The NFL was integrated partly because of the Browns since Marion Motley was the first African American to play for the AAFC and the NFL was not yet fully integrated. They even had a helmet radio, although the technology at the time was archaic and the NFL banned it for the next 40 years.

Eventually, the Browns fired head coach Paul Brown and he founded the Cincinnati Bengals. It was here that Brown hired Bill Walsh as an assistant before Walsh went on to great success in San Francisco and changed the passing game forever.

Cleveland lost the Browns in 1996 when they moved to Baltimore but were able to obtain an expansion team of the same name. While the Ravens have won two Super Bowls since departing Cleveland, the Browns have yet been to the Super Bowl and have sunk to the doldrums of the NFL, going 0-16 in 2017. Counting the Bengals, the Browns are responsible for bringing three teams into the NFL as well as introducing a plethora of ways of how to prepare for and play the game.

The 49ers had a slower adjustment to the NFL and struggled to win games through most of the 1950s. They had a number of Hall of Fame players such as Leo Nomellini and former Baltimore Colts quarterback Y.A. Tittle. They invented the shotgun formation in 1960 which is still widely used in all levels of football to this day.

When Walsh took over as head coach in 1979 the organization was in shambles. By implementing his West Coast Offense, he not only revitalized a once proud organization, he also introduced the NFL to new offensive possibilities. While the West Coast Offense was once viewed as a finesse offense, most NFL teams use some variation of it to this very day. A number of franchises have won Super Bowls based on this offensive philosophy and NFL history has never been the same.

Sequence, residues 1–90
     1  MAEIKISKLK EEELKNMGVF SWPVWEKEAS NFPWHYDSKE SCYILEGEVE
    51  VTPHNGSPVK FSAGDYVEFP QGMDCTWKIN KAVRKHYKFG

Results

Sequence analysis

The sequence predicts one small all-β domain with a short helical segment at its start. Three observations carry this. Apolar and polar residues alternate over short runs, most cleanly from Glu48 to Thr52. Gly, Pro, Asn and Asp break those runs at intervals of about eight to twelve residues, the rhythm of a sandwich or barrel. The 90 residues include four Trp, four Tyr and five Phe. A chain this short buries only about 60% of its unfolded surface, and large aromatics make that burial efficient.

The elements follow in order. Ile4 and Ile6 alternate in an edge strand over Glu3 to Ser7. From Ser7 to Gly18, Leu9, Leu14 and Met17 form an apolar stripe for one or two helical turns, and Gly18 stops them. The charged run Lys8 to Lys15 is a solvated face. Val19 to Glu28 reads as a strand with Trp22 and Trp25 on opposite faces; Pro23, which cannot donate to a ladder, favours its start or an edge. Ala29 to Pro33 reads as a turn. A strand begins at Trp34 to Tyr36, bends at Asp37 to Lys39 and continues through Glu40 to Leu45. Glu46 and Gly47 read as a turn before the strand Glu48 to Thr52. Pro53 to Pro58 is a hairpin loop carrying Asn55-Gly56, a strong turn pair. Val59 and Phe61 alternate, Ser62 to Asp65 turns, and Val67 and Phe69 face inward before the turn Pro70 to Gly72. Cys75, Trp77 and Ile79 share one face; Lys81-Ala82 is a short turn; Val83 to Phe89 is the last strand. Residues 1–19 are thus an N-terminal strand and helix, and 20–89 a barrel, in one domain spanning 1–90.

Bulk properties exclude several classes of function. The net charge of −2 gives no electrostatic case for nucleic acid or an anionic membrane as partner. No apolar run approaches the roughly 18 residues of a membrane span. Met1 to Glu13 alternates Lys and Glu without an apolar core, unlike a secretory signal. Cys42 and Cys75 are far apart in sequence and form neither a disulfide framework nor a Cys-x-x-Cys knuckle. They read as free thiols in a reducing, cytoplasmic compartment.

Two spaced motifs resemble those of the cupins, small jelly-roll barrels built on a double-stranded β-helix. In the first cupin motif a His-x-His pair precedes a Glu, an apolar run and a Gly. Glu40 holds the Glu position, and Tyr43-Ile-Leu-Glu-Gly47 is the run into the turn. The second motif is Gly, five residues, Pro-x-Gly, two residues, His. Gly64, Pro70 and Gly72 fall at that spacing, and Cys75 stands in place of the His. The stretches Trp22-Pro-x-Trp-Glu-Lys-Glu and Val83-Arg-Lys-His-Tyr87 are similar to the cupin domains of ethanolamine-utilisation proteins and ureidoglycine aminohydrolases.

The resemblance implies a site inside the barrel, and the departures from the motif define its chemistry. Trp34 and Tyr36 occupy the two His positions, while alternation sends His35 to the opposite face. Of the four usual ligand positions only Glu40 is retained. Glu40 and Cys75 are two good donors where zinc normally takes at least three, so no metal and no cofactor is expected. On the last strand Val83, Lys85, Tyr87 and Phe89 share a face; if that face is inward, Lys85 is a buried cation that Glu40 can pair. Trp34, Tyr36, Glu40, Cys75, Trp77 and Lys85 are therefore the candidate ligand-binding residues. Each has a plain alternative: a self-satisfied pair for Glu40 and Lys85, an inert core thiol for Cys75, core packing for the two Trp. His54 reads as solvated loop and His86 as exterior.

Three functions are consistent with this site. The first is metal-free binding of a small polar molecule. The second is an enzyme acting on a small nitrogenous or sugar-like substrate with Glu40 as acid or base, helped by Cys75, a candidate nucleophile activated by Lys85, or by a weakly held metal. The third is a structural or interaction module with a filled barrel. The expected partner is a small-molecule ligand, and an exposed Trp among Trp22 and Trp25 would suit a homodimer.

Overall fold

The Baltimore Colts had a bumpy start in the NFL. They folded after the 1950 season but were renewed in 1953 under new ownership. They  acquired Johnny Unitas, a man who is often regarded as one of the best quarterbacks running the two-minute offense.

They later moved to Indianapolis and drafted Peyton Manning in 1998 who holds a number of passing records including most career yards and touchdowns. The Colts started off slow but they acquired two of the greatest quarterbacks in NFL history.

While the AAFC lasted just three years, its legacy lives on within several teams in the NFL. The concepts and players are the byproducts of a failed professional football league but they bring out the best of the memories of the AAFC. Most of the owners of the AAFC teams never got into the NFL but their dedication to their league helped sell the Browns, Colts and 49ers to the NFL. Without their contribution, the game of football would be very different. While this was a failed venture, the impact of its failure lives on to this day.

David Hegler

Author David Hegler

BS in Business Management from Azusa Pacific University. Fanatical 49er fan. Avid fan of all Bay Area sports teams.